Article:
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depletion of clot-forming platelet cells (thrombocytopenia); while other common side effects were rash, muscle pain, abdominal pain, and dry skin. Out of the 403 enrolled patients, there were five serious cases each (1.2 percent incidence) of diarrhea, anemia, fever associated with white-blood cell depletion (febrile neutropenia), and fever.
Unlike most cancer drugs, which tend to have their greatest effect early in treatment and decline over time, the Ariad product appears to get more effective with time.
Patients on the Ariad drug were only followed up for a median time of 57 days, so the results on effectiveness are still quite preliminary. Ariad plans to continue following patients, and should have at least a median of six months follow-up data by the time it’s ready to file its new drug application to the FDA in mid-2012, Berger says. The patients in the study were quite sick, as 94 percent had their disease worsen after getting two or more drugs in the class, and 57 percent had worsened after getting three or more of the other drugs.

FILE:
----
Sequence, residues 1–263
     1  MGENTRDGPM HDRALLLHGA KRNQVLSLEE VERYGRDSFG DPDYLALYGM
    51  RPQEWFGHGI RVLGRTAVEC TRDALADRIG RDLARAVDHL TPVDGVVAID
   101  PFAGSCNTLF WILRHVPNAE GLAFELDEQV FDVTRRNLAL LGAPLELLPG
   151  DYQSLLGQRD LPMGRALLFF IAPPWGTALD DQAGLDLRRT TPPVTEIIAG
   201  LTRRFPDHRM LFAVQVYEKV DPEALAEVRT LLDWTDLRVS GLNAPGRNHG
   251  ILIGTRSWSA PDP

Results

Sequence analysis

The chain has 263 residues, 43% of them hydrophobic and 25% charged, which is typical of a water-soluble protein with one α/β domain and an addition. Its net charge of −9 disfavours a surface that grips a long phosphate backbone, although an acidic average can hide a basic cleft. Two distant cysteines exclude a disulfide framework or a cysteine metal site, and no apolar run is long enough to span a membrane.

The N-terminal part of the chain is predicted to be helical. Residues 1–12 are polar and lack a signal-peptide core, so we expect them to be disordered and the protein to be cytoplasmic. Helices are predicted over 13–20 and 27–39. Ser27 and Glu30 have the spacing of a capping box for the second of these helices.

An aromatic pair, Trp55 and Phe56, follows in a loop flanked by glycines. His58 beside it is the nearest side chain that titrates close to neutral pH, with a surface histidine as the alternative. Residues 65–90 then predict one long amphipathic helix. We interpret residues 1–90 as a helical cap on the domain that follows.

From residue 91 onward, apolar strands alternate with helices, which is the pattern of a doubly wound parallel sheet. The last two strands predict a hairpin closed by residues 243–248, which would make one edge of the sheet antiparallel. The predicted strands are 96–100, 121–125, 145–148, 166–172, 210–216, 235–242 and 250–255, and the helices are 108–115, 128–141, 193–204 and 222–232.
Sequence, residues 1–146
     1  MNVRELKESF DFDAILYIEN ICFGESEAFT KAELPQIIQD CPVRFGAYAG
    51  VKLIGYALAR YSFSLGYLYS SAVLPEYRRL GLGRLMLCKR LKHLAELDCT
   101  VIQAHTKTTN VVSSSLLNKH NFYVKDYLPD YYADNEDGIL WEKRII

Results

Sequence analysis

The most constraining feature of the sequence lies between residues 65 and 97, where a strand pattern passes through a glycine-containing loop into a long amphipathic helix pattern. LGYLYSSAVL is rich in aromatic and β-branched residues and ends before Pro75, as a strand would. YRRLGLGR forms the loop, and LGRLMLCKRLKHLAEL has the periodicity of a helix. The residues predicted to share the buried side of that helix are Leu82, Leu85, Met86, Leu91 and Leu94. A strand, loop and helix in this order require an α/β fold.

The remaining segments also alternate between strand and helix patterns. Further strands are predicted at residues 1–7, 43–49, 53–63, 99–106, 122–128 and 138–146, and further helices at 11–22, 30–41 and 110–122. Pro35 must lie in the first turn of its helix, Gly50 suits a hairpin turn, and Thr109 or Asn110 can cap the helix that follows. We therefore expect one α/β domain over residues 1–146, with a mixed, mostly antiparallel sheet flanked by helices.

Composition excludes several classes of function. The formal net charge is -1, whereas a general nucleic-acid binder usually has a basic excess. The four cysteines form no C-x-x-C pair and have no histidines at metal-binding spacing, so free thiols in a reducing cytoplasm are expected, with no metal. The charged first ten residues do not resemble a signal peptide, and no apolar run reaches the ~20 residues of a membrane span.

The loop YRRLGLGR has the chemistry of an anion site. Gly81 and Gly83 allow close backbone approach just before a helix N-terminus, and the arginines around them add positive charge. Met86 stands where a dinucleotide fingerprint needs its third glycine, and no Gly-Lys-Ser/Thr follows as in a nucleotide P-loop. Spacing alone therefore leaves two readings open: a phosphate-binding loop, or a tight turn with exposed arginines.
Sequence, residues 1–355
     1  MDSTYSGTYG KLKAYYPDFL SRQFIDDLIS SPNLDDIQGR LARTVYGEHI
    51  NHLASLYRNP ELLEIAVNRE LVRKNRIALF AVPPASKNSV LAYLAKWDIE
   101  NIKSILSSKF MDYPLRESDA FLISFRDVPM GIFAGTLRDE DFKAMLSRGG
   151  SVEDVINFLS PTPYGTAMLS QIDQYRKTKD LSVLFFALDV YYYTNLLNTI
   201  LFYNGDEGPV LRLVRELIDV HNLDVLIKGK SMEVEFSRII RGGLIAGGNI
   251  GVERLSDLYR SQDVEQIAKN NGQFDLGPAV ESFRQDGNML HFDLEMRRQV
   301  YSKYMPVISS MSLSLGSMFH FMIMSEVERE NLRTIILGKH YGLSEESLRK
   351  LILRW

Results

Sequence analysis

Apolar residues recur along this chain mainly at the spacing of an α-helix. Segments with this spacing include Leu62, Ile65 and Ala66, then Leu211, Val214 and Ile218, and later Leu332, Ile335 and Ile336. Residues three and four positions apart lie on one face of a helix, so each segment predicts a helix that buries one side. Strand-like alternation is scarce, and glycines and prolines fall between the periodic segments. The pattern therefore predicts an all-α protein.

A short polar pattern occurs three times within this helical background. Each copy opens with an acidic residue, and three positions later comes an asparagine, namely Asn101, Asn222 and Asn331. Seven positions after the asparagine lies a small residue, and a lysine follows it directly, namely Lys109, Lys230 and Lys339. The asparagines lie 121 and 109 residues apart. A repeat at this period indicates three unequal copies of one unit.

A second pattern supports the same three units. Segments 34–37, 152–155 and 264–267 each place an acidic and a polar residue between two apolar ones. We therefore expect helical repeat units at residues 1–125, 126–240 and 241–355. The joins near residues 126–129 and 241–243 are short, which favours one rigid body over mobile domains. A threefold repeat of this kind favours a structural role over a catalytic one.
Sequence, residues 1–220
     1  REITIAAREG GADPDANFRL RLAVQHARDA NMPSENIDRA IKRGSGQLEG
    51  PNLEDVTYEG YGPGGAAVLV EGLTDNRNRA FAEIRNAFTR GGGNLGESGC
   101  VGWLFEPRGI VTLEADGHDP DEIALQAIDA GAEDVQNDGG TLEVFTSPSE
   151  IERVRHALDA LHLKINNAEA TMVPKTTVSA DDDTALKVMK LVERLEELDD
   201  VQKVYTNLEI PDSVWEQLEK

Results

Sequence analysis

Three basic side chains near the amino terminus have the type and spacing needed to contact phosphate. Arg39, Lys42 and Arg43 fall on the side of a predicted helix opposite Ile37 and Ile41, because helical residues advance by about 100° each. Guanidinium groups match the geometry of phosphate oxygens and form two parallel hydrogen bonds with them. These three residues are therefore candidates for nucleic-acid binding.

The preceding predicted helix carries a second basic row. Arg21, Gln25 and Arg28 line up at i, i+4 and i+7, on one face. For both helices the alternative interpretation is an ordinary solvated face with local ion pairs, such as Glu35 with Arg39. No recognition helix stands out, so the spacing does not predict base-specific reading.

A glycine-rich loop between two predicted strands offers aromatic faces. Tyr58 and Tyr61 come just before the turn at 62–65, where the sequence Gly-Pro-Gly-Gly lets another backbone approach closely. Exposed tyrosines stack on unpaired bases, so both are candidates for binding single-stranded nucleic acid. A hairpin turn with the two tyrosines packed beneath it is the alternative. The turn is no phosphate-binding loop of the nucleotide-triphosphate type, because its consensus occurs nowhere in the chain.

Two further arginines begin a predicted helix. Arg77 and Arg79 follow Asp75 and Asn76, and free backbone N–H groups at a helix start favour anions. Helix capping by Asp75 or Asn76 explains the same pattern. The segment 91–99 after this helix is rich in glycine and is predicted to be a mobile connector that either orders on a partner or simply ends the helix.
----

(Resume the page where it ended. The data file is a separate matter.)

That said, the Ariad drug’s effectiveness rate looks consistent with the prior trial at the same point in time, with about two months of patient follow-up, Berger says. At this snapshot with a median of 57 days of follow-up, 38 out of 83 patents with the chronic phase of chronic myeloid leukemia (46 percent) had reached the primary goal, defined as a major cytogenetic response. For those of you who want to dig into the data cohort by cohort, you can check this copy of the study abstract and a slide from Ariad.
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